PhD Student and other roles.

With regards to the PhD I am doing, it is part of my pursuit to impart my knowledge and experience to others and contribute to the body of human knowledge.

Monday 24 March 2014

Poster presentation at the University of Manchester

I presented a poster detailing my work on MEPR and received some interesting feedback from the visiting dignitaries. I was speaking to an academic and I mentioned that it is not uncommon in the archaeological community for papers to be published years after the initial research has been done, i.e. after a dig for example. His reply was that this should not be considered unreasonable, as they have to work on lengthy time-scales. He mentioned a dig in what was effectively in an Arctic wasteland in Scandinavia (the country was named, but I cannot be sure which it was). It took ten years to gain government approval for that dig, hence having waited ten years for permission to dig, taking another one or two to publish the results is not unreasonable.

Another interesting point made by an industrial dignitary was that of whether I had looked into the issue of the longevity of electronic media, i.e. optical discs (DVD, CD etc.). My answer was that it has been an issue that I have recorded, particularly where data kept on old floppies discs (5.25", 8" etc.) was lost due to people no longer having the means to read such media. However it was a good reminder to consider the lifespan of optical media, and hence this issue was taken up in my paper, Mummies on Rails.
However the main focus of my research with regards to data handling was more application centric; legacy systems written in obsolete languages, and/or with no source code available. For example I came across an application written in Delphi (an old evolution of Pascal) that had a user interface that one set of archaeologists thought was unusable, but would be very difficult to modify to address their issue with it. Hence they simply chose not to use it.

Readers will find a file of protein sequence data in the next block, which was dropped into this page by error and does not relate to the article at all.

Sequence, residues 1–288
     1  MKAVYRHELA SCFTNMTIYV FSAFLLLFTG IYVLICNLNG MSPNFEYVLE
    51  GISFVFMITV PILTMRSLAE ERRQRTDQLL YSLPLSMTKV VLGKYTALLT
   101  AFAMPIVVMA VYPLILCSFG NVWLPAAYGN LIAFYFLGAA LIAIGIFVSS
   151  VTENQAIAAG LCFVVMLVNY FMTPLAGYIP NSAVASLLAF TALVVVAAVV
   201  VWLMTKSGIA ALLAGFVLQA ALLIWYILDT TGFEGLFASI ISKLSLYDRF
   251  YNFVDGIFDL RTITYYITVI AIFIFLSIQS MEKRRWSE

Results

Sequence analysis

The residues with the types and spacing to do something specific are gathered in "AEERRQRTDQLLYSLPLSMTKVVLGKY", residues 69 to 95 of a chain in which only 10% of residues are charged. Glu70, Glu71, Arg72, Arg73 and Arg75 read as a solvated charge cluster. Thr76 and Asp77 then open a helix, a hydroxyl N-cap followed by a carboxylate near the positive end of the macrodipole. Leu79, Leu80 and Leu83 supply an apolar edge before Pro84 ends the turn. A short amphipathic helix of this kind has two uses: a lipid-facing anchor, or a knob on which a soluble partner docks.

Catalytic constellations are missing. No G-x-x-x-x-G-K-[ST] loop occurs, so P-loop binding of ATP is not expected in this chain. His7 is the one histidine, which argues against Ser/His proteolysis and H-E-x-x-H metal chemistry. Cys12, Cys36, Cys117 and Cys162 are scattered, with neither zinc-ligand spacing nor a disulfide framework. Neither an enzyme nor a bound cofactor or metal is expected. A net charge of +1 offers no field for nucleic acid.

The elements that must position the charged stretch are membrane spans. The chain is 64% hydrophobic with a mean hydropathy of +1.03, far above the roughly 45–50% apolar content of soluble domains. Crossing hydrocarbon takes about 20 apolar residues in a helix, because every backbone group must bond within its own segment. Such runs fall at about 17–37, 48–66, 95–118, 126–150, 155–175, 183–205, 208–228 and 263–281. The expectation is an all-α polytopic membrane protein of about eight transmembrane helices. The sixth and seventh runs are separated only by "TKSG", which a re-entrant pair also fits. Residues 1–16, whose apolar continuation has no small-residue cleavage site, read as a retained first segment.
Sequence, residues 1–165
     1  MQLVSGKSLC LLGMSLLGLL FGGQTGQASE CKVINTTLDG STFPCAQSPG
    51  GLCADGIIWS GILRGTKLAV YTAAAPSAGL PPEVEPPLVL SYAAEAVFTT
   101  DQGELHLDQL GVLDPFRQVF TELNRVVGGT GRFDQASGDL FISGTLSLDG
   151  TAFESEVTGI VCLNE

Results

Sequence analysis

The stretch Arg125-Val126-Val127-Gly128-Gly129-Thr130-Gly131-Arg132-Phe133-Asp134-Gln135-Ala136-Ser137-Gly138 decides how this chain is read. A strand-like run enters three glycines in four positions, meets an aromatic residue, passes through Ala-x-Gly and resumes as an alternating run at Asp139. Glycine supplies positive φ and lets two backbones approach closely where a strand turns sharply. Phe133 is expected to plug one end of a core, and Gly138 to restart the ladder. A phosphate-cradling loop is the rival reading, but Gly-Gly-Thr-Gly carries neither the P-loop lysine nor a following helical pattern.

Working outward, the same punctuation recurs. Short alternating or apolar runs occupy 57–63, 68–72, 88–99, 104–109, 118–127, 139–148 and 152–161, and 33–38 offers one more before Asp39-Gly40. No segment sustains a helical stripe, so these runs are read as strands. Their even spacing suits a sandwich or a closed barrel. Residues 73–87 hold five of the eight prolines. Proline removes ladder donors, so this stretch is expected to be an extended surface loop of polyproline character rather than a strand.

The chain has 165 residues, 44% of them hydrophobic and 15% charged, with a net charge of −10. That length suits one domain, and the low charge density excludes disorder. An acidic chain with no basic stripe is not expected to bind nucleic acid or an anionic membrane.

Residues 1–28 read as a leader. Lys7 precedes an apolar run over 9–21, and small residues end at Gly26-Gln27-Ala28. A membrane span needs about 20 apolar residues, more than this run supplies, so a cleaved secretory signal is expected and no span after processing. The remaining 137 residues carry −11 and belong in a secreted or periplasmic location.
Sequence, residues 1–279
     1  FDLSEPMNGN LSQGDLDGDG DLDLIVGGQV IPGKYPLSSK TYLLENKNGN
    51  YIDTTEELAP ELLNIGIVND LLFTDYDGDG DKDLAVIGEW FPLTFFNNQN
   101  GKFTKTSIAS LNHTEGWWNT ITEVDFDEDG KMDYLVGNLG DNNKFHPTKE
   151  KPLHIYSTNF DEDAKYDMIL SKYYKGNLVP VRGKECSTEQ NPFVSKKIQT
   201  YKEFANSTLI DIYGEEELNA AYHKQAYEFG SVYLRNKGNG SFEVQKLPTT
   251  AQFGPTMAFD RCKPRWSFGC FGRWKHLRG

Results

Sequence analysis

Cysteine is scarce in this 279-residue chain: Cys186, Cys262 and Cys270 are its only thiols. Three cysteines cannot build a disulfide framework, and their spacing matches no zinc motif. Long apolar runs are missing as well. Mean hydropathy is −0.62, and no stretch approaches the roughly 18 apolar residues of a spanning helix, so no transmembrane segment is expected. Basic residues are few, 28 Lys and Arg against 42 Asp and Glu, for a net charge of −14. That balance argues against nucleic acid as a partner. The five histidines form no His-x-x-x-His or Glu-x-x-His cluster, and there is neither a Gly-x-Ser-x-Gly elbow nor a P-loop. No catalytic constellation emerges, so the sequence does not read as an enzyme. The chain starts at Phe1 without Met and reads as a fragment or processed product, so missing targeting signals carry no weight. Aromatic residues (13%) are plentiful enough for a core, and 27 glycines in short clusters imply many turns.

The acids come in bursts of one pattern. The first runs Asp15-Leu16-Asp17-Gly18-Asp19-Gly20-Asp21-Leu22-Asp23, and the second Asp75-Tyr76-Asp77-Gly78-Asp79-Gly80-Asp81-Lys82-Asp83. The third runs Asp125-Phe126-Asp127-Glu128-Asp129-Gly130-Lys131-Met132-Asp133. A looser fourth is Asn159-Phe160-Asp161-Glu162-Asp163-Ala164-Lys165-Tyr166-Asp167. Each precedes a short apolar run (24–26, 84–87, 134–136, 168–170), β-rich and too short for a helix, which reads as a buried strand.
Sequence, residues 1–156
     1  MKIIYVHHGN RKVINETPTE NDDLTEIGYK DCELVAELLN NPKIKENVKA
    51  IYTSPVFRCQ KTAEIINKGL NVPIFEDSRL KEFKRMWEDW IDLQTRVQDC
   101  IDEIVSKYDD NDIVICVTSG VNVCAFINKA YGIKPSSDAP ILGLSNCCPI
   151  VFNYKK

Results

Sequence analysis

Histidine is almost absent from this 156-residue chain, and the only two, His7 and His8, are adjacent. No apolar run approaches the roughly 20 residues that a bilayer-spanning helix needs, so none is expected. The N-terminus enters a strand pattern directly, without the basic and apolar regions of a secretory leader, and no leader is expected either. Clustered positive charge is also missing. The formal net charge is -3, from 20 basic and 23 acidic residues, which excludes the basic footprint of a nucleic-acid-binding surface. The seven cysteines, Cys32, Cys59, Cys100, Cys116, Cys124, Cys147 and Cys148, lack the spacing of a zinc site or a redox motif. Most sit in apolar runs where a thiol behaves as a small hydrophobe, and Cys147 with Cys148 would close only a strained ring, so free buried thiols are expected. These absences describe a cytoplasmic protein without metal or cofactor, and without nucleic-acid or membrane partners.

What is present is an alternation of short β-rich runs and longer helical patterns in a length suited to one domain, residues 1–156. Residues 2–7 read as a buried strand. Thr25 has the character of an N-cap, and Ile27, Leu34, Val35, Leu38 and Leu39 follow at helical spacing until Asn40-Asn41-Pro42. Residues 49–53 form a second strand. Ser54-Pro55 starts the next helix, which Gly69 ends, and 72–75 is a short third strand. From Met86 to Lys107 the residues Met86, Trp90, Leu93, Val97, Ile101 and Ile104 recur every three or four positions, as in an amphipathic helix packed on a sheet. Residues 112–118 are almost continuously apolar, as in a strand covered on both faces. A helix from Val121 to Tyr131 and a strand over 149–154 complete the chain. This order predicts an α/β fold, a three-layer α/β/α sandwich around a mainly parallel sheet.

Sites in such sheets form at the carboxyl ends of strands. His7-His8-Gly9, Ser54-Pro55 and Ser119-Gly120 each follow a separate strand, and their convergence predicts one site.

Bootnote / Trivia

If you don't know what Pascal is, it was an effective teaching language in the 80's, that lost out to C, (C++ etc.) and Java. I might upset some with my description of it as a 'teaching' language, as it stole a march on the Basic's of that area (the more common predecessors of Visual Basic), but rest assured I knew of its use in industry. Eurostar used it, as did Shell Oil. The latter used it on a VMS pipeline monitoring system, I know this because I worked on it for a number of years.

I own a working USB 3.5" floppy drive, last year I tried to copy my dissertation work off it. Despite being over 15 years old it all worked. Problem is that only the data was on the floppies, I couldn't read the actual dissertation off the CD's I backed it onto as the sessions were never 'closed'. CD's were expensive and I wanted to use the rest of the space at some later date. My modern burner won't read what's there properly, and won't close the session either. However I have a bound copy, and loose leaf printed copy. Last but not least, it's in the university library too.

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